- ORAL DEFENSE OF THE THESIS: The student presents and defends the thesis before the professors who read and evaluated the thesis. The oral defense is open to the UR public, and the Center for Study Abroad and Interdepartmental Programs will assist in publicizing the defense. The student is to notify the Center one week in advance of the date of the Defense.
- FINAL APPROVAL FROM THE COMMITTEE: The Faculty of the CIIP reviews recommendations from the student’s advisors and arrives at a decision regarding the award of the degree with honors.
Applying for Honors
A degree with honors is awarded to students who specifically pursue it and arrange to complete all of the requirements. Students plan carefully in order to meet these requirements according to the specified time frame. The staff and faculty involved in the Interdepartmental Majors program can assist students in the planning process, but students should understand that it is their responsibility to ensure that each of the requirements is met on time.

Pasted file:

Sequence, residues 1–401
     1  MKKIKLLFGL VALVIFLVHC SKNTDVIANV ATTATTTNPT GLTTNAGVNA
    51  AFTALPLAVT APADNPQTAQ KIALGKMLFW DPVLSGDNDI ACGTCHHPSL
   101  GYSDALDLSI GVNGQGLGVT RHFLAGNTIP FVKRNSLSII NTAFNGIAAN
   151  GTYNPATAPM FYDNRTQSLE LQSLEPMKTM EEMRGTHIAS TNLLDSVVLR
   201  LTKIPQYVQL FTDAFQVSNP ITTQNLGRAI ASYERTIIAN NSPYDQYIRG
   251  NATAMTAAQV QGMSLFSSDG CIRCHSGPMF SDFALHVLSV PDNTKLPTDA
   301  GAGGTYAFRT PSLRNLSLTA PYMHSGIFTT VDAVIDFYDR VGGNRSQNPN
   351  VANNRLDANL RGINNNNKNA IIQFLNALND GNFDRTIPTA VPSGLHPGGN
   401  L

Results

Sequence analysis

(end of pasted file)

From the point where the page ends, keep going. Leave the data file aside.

Schedule for the Completion of Honors Requirements
By May of the junior year (but in any case no later than September 10 of the senior year): Find a faculty member willing to serve as your adviser (first reader) on the proposed topic. The thesis adviser must have expertise in the topic area of the proposed thesis and must be a full-time member of the teaching faculty.
BY OCTOBER 1: Prepare a three- to five-page prospectus of your thesis project, plus an initial bibliography. Have your adviser sign it to indicate his or her endorsement. Submit the prospectus to the Center for Study Abroad and Interdepartmental Programs (Dewey Hall 2-161) by October 1. The Faculty Committee will then evaluate your application and may approve it, disapprove it or approve it subject to specific modifications or recommendations.
If your prospectus is approved, the Committee will select a second reader for your thesis. Both readers will eventually be asked to evaluate the thesis and make recommendations regarding honors after the oral defense.